Pseudonyms in Writing:
To Be Me, Or Not To Be...

©Judy Bagshaw - All Rights Reserved


Before I sent out my first romance manuscript to a publisher, I gave long consideration to the notion of using a pseudonym. I was an elementary school teacher at the time, working with young children, and certainly my professional standing had to be considered. Some of my writing was a little on the “sensual” side, and certainly not appropriate for little kids.  


So I spent a long time inventing my alter ego…a romance writer I named Faith Sinclair (I thought she sounded romancey and, well, Canadian), and I sent out my manuscript. 


When the acceptance came, there was a caveat. My publisher-to-be didn’t particularly like my “chosen” writer name. She much preferred my given name, stating she felt it had more punch. I thought she was nuts, having lived with the name all my life. It seemed so ordinary and dull to me. But I bowed to her greater knowledge of the publishing industry, and discarded my pseudonym. 


I’ve never been sorry. It was a thrill to see my own name on the cover of the books I wrote. And my parents were delighted that I chose to use our family name and the name they gave me. And I didn’t have to constantly explain that, yes, Faith Sinclair really was me. So, for me it worked out. 


A couple years later, I had cause to re-think the issue of pen names when a couple of pieces of erotica I’d written got picked up for publishing. I confess I was a little embarrassed at the thought of my mother, or my boss, knowing I wrote ‘dirty’ stories. So I chose a pen-name. Again, no regrets. I was able to explore this lucrative genre, not shock my poor mother, and not offend my established fan base in romance. 


The decision to use a pen name or not is entirely personal, but there are times, as in the above example, that a pseudonym might be useful. 


Consider a writer who writes in different genres. They become known in romance, then decide to write a murder mystery or a horror novel. Rather than confuse or disappoint their readers, they might decide to use a pseudonym for the new genre.  


Or consider the very prolific author who perhaps has more than a few books coming out the same year (we can all dream). There might be a concern the books would compete with each other, so a pen name would solve that issue. This was the case for Stephen King who also wrote as Richard Bachman and John Swithen.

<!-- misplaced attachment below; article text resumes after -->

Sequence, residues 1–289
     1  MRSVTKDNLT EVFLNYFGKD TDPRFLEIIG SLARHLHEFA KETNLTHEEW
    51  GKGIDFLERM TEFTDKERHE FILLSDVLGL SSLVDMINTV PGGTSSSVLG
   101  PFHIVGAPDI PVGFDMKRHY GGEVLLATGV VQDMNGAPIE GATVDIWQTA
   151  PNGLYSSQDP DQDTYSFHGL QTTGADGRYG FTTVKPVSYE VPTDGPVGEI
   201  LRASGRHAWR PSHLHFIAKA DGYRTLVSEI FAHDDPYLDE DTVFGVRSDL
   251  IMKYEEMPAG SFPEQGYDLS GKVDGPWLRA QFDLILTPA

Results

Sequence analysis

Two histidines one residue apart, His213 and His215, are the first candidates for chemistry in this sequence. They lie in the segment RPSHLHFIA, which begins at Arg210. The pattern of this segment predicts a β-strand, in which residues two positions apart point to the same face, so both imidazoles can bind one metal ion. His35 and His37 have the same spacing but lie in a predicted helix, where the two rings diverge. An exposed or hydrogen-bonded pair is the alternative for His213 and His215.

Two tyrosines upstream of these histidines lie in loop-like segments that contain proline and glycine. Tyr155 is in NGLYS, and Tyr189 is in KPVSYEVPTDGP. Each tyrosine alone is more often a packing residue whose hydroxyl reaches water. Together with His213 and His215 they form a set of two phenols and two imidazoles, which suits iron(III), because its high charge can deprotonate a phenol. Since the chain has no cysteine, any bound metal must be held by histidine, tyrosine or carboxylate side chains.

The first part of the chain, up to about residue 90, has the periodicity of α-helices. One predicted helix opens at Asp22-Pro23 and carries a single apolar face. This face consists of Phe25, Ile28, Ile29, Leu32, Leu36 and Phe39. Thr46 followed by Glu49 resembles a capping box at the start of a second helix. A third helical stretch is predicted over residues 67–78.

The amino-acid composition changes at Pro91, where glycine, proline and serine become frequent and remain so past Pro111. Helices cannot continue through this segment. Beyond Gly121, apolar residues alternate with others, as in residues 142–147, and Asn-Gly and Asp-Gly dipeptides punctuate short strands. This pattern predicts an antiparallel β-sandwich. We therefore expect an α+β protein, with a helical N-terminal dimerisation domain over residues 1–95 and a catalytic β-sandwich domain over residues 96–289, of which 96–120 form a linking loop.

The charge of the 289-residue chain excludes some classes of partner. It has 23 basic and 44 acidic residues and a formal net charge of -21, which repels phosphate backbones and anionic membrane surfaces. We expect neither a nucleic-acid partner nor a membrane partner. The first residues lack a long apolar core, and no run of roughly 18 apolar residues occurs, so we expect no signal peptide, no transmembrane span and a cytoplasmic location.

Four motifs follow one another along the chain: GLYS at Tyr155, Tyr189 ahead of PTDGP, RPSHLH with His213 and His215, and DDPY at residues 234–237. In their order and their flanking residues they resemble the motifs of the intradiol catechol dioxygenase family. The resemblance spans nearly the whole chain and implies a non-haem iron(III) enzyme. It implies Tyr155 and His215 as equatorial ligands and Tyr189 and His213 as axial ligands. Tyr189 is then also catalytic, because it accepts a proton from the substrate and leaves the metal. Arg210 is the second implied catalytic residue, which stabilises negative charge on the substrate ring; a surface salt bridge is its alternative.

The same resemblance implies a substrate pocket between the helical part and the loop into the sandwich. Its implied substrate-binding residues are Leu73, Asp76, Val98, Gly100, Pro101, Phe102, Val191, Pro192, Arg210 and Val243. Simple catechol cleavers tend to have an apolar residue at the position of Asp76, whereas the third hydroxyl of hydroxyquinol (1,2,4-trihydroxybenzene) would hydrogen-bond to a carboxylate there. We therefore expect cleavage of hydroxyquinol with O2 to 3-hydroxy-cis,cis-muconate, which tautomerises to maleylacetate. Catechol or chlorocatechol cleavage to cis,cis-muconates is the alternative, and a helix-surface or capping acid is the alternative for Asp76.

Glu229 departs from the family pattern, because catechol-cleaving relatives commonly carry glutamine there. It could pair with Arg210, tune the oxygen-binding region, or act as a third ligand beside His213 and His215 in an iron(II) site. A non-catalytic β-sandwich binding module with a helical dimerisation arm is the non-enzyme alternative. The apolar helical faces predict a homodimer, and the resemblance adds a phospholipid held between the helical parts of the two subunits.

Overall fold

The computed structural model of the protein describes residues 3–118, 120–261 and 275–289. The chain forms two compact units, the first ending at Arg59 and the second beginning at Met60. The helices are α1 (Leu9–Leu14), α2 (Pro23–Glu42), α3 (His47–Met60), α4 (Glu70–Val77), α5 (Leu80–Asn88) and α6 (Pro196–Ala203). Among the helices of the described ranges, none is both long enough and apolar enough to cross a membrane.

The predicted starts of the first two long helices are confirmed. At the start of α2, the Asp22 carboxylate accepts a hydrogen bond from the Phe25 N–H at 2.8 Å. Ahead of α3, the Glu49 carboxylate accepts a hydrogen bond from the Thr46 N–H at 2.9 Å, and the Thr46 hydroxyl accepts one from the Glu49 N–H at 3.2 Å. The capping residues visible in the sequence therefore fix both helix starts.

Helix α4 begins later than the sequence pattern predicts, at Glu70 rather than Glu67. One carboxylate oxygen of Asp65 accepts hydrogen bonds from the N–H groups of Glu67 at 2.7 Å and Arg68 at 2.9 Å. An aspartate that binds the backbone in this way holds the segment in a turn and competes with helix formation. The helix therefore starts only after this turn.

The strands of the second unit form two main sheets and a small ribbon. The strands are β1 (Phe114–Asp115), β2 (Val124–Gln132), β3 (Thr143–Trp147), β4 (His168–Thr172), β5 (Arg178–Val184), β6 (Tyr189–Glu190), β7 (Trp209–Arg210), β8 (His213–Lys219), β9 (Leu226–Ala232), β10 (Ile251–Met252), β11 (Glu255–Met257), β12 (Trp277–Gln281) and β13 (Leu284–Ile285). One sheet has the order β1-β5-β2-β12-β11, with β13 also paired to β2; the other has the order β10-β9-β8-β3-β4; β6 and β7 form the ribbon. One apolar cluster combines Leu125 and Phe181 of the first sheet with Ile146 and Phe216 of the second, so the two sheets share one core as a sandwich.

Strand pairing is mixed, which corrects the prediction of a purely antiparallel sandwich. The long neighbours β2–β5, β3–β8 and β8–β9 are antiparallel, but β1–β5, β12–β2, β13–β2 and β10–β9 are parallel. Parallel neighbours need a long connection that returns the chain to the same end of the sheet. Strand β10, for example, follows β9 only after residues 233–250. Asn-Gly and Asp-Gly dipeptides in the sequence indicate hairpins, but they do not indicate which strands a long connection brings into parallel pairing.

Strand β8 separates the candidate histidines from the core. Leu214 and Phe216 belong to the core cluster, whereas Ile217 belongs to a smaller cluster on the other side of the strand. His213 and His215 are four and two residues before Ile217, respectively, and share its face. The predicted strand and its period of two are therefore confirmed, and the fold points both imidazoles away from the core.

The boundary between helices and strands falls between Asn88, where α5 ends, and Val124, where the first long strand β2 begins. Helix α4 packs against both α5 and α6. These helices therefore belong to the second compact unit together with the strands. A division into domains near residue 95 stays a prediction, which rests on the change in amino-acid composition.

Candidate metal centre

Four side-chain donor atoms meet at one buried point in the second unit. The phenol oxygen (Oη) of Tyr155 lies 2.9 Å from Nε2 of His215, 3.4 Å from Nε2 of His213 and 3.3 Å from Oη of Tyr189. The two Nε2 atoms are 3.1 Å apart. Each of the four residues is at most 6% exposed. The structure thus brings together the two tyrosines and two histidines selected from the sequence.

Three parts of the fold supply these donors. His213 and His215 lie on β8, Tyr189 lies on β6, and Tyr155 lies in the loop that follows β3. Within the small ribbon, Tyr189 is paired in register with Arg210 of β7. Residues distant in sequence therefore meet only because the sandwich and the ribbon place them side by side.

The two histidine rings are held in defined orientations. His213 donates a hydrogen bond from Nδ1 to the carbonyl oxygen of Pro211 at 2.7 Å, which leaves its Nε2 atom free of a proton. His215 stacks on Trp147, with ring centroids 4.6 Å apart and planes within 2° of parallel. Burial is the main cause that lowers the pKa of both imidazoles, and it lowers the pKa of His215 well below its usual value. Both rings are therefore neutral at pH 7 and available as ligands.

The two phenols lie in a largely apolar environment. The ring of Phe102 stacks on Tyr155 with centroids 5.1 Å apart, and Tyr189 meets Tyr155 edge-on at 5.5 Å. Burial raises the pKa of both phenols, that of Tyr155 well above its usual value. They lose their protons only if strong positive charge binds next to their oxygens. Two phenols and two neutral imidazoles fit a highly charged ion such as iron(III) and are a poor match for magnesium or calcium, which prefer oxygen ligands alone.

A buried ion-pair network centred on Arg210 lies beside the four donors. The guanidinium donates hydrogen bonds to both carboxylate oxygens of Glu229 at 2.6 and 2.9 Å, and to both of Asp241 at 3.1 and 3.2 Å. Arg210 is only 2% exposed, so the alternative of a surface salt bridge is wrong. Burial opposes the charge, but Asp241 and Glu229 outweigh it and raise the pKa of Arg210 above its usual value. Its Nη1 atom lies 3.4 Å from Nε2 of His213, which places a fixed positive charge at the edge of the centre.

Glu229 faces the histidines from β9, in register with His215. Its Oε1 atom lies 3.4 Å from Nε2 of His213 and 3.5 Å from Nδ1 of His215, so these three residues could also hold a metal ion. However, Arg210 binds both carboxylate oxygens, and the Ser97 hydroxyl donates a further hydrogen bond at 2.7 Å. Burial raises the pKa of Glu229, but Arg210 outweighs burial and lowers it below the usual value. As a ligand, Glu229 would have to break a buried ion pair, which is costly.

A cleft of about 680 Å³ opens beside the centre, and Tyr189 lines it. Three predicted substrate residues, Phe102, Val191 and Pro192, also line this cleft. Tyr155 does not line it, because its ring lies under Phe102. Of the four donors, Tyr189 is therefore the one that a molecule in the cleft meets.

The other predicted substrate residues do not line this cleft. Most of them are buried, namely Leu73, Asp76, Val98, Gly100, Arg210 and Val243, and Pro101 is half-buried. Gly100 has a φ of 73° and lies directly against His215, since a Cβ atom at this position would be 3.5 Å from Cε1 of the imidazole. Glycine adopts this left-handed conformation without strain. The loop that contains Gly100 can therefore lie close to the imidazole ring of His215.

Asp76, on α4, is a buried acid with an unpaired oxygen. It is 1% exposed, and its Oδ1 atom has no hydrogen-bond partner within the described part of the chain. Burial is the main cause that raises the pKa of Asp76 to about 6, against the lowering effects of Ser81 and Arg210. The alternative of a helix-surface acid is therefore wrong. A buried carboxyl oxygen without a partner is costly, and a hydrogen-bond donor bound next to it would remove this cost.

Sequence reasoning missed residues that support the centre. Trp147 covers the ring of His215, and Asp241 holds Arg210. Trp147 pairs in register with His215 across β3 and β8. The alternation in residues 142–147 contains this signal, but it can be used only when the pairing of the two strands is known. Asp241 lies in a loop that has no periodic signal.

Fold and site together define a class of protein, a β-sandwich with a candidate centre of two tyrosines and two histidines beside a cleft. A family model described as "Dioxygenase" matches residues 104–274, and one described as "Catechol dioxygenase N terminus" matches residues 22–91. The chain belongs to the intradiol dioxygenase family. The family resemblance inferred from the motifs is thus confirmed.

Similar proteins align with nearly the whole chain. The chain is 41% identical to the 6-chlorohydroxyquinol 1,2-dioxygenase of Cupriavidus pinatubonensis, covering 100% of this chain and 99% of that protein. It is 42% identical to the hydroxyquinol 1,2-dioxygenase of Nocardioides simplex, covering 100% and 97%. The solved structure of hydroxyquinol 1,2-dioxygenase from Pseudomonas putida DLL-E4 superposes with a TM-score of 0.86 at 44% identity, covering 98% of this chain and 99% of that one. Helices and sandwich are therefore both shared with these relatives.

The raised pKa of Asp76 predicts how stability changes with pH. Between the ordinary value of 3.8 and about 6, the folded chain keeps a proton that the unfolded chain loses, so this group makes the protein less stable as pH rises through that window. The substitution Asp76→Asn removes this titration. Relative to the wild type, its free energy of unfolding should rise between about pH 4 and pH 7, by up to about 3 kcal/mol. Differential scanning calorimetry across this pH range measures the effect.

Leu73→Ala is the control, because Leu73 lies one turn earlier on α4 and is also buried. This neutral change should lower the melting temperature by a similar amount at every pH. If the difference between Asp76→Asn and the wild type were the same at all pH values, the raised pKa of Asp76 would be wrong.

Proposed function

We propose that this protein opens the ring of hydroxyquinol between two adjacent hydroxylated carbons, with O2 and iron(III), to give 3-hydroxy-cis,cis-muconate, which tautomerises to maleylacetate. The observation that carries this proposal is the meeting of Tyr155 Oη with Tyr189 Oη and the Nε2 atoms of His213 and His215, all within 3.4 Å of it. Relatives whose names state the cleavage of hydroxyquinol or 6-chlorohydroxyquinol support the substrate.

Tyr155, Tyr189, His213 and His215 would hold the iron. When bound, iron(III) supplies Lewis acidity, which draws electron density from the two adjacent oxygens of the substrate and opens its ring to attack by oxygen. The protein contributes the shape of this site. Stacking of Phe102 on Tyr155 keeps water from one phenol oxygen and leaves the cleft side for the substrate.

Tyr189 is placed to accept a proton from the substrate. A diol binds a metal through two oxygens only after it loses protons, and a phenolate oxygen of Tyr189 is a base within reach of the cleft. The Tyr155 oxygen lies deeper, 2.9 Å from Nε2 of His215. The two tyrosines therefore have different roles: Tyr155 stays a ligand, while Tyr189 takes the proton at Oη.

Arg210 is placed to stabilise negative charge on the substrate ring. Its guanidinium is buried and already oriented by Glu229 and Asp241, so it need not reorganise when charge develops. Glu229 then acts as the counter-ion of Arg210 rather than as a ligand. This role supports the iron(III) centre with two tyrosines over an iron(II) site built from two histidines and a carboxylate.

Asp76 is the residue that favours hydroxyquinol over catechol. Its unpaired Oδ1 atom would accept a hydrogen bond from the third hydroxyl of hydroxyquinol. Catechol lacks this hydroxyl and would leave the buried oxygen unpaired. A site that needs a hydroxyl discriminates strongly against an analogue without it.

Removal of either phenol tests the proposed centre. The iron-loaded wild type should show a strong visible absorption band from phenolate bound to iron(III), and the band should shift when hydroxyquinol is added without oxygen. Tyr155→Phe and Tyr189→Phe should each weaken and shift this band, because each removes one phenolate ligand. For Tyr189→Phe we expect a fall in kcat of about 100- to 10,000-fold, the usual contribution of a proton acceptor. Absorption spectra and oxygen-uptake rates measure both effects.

Often, writers of erotica choose to use a pen name. For some, it’s because their family doesn’t know they write such “kinky” material, which was the case for me. For others it might be because of their day jobs, and not wanting embarrassing situations to arise in the workplace because they write more lurid material. I know of one writer of hotter romances whose father is a minister who would be horrified to know his daughter wrote such material.  


You will sometimes find that a male writer will use a feminine pseudonym possibly because a female writer in certain genres is more readily accepted. For example, although there are male romance authors, the field is dominated by women writers. And there are couples and writing partners, who choose a pen name to represent their joint efforts. 


Sometimes the publisher will ask the author to write under a pseudonym. This happened to me when I wrote a number of titles for an educational publisher. Wanting to give the illusion of a large team of writers on the project, the handful of authors provided multiple pen names. I was published using six of my provided names, including my own. 


Another circumstance might arise if an author writes for multiple publishers. The choice might be to have a separate pen name for each.  


A pen name might be a solution if your real name is difficult to pronounce or to spell, or conversely, if your name is too similar to another published author’s name, particularly if they write in the same genre as you. There can be only one Nora Roberts! 


If you do choose to use a pseudonym with your writing, choose carefully. Once you’ve chosen your name, Google it to see if it’s already in use. After all, you don’t want to get published only to find out that your pen name is shared by the subject of a tabloid sex tape scandal, or a serial killer sitting on death row. 


To be you or not to be you…that really is the question. 




About the Author:  Judy Bagshaw has been published since 2000. Writing romance featuring full-figured heroines, her publishing credits include several novels, a collection of short stories, and short stories in multiple anthologies. She was also part of the writing team for the Ginn Reading Series, and Reaching Readers Series, used in many elementary schools. Retired from teaching, she writes full-time from her home in Ontario, Canada. Visit Judy's website



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